Internal friction of powders is typically characterized using a shear cell, which is a device that places a powder sample under known physical stress conditions and measures its response to those stresses, as disclosed in “Some Measurements of Friction in Simple Powder Beds”, Heistand, E. N. and Wilcox, C. J. (J. Pharm. Sci. 57 (1968) 1421), incorporated herein by reference. The response is reported as an angle of internal friction. This parameter is a characteristic of the powders measured and varies between materials. The lower the value of the angle of internal friction, the better flowing the powder is. This parameter may be used as a predictor of tablet weight variation during tableting operations, since the powder fill weight, and therefore the tablet weight, is dependent on the ability of the powder to quickly flow into the tableting die. In the present invention, dry blends, suitable for use in the preparation of tablets by direct compression, had angles of internal friction of less than about 34°, and more preferably less than about 31°.

Even more preferably, dry blends of the present invention have a Carr's Compressibility Index of less than about 34% and an internal angle of friction of less than about 34°.

Most preferably, dry blends of the present invention have a Carr's Compressibility Index of less than about 28% and an internal angle of friction of less than about 31°.

A dry blend, having properties within the aforementioned ranges, may be achieved by methods including, but not limited to, providing suitable excipients, by increasing particle size, or by modifying processing conditions. Typically, addition of excipients provides a means to modify the flow profile of a low dose pharmaceutical formulation, as commercially available excipients have good flow properties. For dry blends, having higher azithromycin loadings, Carr's Compressibility Index and/or internal angles of friction with the aforementioned ranges may be achieved by obtaining the azithromycin particle size distribution discussed above.

Accordingly, the particle size profile of the azithromycin should be evaluated, and if necessary, the azithromycin should be processed to achieve the particle size profile.

To produce azithromycin particles having the desired particle size distribution, the bulk azithromycin may be further processed by methods including, but not limited to, 1) milling 2) screening 3) recrystallization and 4) granulation, including dry and wet granulation. The aforementioned further processing methods may be used alone or in combination.

Milling involves subjecting the drug to a shear force such that the particle size of the drug is reduced. The milling may be an aggressive process where the particle size is reduced significantly, or it may be a non-aggressive process where the particle size is not reduced significantly, but merely done to delump or break up larger clumps of drug formed in the bulk drug.

In the pharmaceutical industry, milling is often used to reduce the particle size of solid materials. Many types of mills are available including pin mills, hammer mills and jet mills. One of the most commonly used types of mill is the hammer mill. The hammer mill utilizes a high-speed rotor to which a number of fixed or swinging hammers are attached. The hammers can be attached such that either the knife face or the hammer face contacts the material. As material is fed into the mill, it impacts on the rotating hammers and breaks up into smaller particles. A screen is located below the hammers, which allows the smaller particles to pass through the openings in the screen. Larger particles are retained in the mill and continue to be broken up by the hammers until the azithromycin particles are fine enough to flow through the screen.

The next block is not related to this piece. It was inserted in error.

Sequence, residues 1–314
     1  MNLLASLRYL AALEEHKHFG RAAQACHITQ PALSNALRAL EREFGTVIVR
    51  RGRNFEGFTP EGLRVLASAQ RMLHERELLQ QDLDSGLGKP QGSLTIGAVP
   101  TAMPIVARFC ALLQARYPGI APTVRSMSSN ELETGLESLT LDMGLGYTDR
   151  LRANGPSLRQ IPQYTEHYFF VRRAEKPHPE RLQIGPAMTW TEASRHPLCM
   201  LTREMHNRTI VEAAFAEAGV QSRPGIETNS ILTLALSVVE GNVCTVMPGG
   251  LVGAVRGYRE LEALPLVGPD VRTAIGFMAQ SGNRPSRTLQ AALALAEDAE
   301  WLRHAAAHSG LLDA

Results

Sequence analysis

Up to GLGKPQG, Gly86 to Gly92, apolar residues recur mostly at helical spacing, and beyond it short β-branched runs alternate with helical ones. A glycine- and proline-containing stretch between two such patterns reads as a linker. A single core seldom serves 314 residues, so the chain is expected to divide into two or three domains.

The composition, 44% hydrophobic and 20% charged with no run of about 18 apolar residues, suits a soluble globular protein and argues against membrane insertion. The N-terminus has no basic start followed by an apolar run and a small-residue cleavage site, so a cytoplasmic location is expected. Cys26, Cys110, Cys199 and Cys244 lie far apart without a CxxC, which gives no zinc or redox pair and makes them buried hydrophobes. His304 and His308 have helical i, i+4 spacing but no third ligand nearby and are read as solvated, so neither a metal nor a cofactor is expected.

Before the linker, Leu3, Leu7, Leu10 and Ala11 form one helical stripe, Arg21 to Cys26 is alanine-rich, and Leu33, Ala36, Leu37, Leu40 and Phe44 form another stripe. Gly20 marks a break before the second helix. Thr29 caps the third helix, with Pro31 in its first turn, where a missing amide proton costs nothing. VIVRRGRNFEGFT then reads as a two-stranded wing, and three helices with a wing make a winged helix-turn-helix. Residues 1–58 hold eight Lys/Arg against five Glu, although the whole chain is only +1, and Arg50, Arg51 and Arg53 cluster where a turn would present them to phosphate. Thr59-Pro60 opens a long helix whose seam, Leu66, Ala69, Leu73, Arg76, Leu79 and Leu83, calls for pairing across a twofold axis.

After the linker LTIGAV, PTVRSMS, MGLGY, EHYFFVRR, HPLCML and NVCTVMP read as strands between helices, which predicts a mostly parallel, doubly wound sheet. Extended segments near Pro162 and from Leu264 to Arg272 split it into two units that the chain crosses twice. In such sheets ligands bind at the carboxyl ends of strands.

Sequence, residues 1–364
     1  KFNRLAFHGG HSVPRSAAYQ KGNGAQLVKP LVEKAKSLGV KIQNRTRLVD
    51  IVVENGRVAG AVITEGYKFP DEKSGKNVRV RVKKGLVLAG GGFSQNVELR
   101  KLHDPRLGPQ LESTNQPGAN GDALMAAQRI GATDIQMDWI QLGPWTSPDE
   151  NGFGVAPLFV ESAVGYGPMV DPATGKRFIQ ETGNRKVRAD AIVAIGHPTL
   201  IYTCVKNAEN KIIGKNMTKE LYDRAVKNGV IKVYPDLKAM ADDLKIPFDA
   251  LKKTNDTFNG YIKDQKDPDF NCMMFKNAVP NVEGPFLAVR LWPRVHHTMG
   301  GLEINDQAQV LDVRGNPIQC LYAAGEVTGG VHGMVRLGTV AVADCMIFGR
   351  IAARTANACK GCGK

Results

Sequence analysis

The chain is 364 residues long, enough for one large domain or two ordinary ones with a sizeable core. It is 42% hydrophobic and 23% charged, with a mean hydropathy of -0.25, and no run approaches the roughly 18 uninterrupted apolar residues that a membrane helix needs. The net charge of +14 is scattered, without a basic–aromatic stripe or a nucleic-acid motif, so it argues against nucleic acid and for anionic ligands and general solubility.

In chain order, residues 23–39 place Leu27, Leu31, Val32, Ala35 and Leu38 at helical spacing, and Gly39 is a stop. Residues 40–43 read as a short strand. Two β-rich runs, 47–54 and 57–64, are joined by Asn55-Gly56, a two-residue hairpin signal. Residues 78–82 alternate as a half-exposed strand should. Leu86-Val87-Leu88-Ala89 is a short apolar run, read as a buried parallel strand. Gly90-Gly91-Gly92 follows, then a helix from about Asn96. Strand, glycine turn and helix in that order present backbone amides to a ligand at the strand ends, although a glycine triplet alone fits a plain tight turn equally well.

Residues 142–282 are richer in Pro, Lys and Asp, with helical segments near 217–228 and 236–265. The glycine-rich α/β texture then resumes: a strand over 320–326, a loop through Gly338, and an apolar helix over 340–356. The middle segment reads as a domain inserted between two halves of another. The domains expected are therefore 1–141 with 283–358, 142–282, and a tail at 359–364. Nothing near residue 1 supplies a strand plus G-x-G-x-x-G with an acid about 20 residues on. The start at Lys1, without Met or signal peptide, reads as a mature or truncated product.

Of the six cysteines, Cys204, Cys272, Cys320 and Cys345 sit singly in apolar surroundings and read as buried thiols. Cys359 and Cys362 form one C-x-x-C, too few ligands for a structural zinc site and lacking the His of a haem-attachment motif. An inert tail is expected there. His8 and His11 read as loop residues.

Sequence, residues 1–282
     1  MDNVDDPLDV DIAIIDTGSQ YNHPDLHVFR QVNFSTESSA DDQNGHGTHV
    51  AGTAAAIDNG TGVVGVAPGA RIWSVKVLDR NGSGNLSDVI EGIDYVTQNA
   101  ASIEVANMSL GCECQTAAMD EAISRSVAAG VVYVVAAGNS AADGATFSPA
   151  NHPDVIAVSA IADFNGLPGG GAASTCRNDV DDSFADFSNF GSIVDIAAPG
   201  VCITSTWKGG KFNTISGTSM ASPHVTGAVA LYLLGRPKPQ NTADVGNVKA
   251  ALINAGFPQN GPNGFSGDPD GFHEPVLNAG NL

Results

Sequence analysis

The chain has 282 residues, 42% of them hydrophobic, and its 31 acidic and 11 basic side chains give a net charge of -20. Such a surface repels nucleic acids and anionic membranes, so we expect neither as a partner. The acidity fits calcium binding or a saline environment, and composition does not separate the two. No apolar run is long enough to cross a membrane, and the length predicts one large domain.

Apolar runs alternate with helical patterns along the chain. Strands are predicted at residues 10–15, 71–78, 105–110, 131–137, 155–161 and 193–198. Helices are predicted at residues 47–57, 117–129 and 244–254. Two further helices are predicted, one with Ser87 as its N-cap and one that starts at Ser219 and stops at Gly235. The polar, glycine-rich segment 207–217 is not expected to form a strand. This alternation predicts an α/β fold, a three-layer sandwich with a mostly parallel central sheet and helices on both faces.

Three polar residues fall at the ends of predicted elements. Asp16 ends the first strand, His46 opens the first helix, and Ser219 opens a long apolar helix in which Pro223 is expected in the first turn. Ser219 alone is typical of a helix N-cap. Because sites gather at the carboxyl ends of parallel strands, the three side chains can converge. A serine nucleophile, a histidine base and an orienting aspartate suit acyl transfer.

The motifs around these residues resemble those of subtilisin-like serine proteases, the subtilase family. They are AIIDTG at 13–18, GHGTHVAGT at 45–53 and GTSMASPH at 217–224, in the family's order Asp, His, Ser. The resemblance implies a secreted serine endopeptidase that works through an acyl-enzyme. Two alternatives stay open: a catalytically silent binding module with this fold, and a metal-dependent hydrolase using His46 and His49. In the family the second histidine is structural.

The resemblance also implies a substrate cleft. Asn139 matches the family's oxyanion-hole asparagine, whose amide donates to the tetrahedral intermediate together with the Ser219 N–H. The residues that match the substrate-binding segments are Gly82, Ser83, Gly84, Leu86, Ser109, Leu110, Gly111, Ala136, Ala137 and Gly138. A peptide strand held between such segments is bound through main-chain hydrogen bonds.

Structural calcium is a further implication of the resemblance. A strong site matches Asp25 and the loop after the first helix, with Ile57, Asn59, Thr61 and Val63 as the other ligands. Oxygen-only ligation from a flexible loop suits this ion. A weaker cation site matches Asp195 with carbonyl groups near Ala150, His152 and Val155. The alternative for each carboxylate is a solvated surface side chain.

The azithromycin particles may optionally be screened. In screening, bulk drug is placed through a mesh screen or series of mesh screens to obtain the desired particle size for the bulk drug.

Several methods are known for increasing the particle size of drugs, including, but not limited to, granulation and recrystallization. Wet granulation, for example, involves the use of a granulating liquid that causes the azithromycin particles to agglomerate and thus increase the particle size. Suitable wet granulation methods for the preparation of azithromycin particles are disclosed in copending U.S. Provisional Application Ser. No. 60/343,469, titled “Methods for Wet Granulating Azithromycin”, filed Dec. 21, 2001 and in copending International. application Ser. Number 10/327,383 titled “Methods for Wet Granulating Azithromycin”. Suitable methods for dry granulating azithromycin particles are disclosed in copending U.S. Provisional Application Ser. No. 60/354,041, titled “Dry Granulated Formulations of Azithromycin”, filed Feb. 1, 2002.

In the present invention, wet granulation of the bulk drug without the use of additional excipients may be used to increase the particle size of the material

Recrystallization involves dissolving a bulk drug and allowing it to reform as new crystals which are adequate in particle size for the use in an azithromycin direct compression tablet.

Another method to increase the particle size is to sieve the bulk drug to remove the smaller particles.

While it was found that the azithromycin particle size distribution was important for achieving acceptable flow properties on gravity fed tableting equipment, dry blends with lower azithromycin loadings or with an undesirable amount of fines may still be directly compressed to form tablets by adjusting the processing conditions, equipment and/or excipients as necessary. For example, a dry blend with a higher amount of fines may be tableted, by direct compression, through using forced fed tableting equipment. Methods of assisting flow, or force feeding, are well known in the art.